The latest school shooting nightmare happened here in Maryland at Great Mills High School in St. Mary’s County. Anyone who thought we were somehow immune is certainly mistaken.
Of course these shootings can take place anywhere. I don’t have small children but already this year my daughters who attend college have had active shooters on campus. When you get a text from them about it, it is certainly unnerving. Especially so for me since I am not just a drive away.
It seems like if someone wants to open fire they can. Can you take all the guns away? Does every school need a metal detector? In the Great Mills High School shooting, a trained school resource officer was the saving grace when he was able to get to the shooter.
While adults argue over stricter gun rules our children are walking the walk with walk-outs and marches. Support them. But why do children have to plead with adults to do something? It seems like a no-brainer. For goodness sake we are talking about children being assaulted in what was once the safest place for them to be. How can they learn or just be kids when this kind of violence hangs in the air?
I don’t have the answers and I would not want to pretend I do in this space. I just know how bad it feels to witness these events in our country over and over again. My heart goes out to the parents of the children who’ve lost their lives and the children who have lost their friends. It makes you want to holler. It makes you cry. Can you imagine being the parent of one of the shooters? If they survive it will be hell for the family. If they die parents may never have answers.
This topic unfortunately cannot be swept under the rug and we have to discuss it with our kids. The American Psychological Association (APA) suggests limiting exposure to news coverage because kids might think the events are reoccurring each time they see a television replay news footage. I remind you that with social media it’s hard to limit news. I feel like all of this would make me a very anxious student. And we have to look out for that in our kids.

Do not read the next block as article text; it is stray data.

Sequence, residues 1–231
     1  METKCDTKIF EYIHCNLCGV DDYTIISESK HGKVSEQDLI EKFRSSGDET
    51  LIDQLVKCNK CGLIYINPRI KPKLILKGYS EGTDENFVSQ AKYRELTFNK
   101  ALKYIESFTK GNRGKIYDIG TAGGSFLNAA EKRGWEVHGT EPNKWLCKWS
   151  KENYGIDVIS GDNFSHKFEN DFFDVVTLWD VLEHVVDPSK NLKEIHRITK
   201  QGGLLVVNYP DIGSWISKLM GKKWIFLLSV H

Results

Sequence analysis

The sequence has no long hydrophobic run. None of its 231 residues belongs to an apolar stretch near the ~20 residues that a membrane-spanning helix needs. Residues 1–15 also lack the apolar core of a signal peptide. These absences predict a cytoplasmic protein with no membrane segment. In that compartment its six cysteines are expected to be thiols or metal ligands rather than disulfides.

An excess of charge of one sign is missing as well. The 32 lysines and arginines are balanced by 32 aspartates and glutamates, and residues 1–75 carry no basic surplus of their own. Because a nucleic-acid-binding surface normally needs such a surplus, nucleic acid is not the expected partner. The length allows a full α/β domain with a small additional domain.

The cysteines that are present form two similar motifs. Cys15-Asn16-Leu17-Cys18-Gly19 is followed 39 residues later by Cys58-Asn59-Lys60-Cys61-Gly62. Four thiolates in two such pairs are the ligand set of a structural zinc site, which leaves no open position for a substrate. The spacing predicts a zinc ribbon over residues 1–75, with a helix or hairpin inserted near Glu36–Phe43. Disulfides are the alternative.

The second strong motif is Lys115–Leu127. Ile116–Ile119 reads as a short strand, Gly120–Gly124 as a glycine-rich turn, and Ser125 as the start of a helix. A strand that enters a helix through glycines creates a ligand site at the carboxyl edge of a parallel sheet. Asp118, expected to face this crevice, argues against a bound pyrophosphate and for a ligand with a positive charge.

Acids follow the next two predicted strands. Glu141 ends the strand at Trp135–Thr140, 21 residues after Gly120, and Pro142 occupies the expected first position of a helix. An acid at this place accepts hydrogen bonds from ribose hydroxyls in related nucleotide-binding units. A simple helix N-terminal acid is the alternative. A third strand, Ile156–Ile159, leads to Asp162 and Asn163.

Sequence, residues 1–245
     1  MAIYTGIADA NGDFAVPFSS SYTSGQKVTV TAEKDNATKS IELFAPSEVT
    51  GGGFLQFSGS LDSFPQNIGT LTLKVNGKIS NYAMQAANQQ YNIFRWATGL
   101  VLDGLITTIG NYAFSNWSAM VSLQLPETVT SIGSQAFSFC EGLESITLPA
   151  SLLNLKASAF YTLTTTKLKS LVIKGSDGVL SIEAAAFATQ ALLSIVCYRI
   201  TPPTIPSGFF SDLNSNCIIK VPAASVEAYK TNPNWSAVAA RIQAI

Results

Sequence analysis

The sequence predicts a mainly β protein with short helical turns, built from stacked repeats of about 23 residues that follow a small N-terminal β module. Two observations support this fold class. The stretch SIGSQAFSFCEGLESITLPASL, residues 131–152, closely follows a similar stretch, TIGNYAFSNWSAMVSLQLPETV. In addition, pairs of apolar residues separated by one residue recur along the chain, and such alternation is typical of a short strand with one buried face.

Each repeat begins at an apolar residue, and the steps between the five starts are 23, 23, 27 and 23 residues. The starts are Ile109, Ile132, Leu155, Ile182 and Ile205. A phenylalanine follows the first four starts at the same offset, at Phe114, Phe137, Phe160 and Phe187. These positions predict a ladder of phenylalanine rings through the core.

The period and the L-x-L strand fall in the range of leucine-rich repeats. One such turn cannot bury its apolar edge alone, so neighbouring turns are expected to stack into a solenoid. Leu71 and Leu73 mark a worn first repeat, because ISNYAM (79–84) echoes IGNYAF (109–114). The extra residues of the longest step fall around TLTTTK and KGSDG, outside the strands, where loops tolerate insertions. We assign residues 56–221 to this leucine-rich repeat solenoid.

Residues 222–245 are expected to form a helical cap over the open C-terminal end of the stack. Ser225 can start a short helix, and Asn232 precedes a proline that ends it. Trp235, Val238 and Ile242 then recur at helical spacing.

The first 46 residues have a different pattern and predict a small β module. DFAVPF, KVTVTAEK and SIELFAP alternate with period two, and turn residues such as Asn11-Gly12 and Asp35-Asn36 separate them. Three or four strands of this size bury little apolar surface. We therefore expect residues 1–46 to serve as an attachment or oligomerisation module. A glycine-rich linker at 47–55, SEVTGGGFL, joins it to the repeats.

The APA says, “ Parents should be alert to any signs of anxiety that might suggest that a child or teenager might need more assistance. Such indicators could be a change in the child’s school performance, changes in relationships with peers and teachers, and excessive worry.” I don’t have any answers here. Just feeling sad over what is happening. This is my way of talking about it.
Lisa Robinson is the mother of two amazing young women. She is a freelance writer for several Baltimore area magazines, including Chesapeake Family Life. Lisa works as a news anchor and investigative reporter for WBAL-TV in Baltimore. When she’s not dealing with the drama of her two daughters, she’s busy cooking, working out, hosting her friends for get-to-getters, reading, and writing a non-fiction book. Lisa is one of the funniest people you’ll get to know. She relishes in saying the things others are afraid to. You can catch up with Lisa here and on Facebook and Twitter.